The Effect of Music Therapy on Reducing Depression in People With Dementia: A Systematic Review and Meta-analysis
The aim of this study was to determine the effectiveness of music therapy on reducing depression for people with dementia during different intervention intervals. A systematic review with a meta-analysis of randomized controlled trials. The databases surveyed include AgeLine, CINAHL, MEDLINE, PsycINFO, PubMed, and Cochrane. Seven studies were included in this review. The result revealed that music therapy significantly reduced depression at six, eight, and 16 weeks. This study also supported that music therapy significantly improved depression when the results of six studies with medium-term interventions were pooled. However, no evidence of effect of music therapy on depression was observed at three, four, 12 weeks, and five months during intervention, and one and two months after the cease of music therapy. Music therapy without a music therapist involved did not significantly reduce depression at any time. Medium-term of music therapy might be appropriate in reducing depression for people with dementia.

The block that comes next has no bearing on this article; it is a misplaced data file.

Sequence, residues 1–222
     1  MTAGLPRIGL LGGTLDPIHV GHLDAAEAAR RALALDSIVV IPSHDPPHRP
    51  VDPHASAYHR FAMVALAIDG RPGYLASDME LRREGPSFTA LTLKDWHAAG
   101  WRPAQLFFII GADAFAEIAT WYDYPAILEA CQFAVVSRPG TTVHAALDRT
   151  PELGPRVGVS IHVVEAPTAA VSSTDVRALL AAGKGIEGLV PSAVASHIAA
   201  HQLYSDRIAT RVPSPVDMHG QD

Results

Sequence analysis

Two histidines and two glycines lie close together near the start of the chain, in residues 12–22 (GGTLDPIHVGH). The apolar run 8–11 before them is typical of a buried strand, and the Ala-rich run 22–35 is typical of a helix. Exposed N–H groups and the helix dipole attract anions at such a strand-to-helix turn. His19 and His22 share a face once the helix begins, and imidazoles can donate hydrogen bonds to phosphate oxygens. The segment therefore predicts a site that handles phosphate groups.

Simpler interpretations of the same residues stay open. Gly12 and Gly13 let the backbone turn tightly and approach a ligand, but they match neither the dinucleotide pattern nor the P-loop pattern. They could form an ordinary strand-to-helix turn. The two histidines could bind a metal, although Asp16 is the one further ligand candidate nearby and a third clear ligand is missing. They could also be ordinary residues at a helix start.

Music and Health Institute Terms
Depression; Elderly; Music Listening; Music Medicine; Neurodegenerative Disorders; Recorded Music Listening
Dementia; Depression; Time Factors; Dementia; Depression; Meta-analysis; Music therapist
Meta-Analysis; Quantitative Methods; Systematic Review
Psychiatric and Mental Health
Li, H. C., Wang, H. H., Lu, C. Y., Chen, T. B., Lin, Y. H., & Lee, I. (2019). The Effect of Music Therapy on Reducing Depression in People With Dementia: A Systematic Review and Meta-analysis. Geriatric Nursing, 40 (5), 510-516. Retrieved from https://remix.berklee.edu/mhi-music-mental-health/67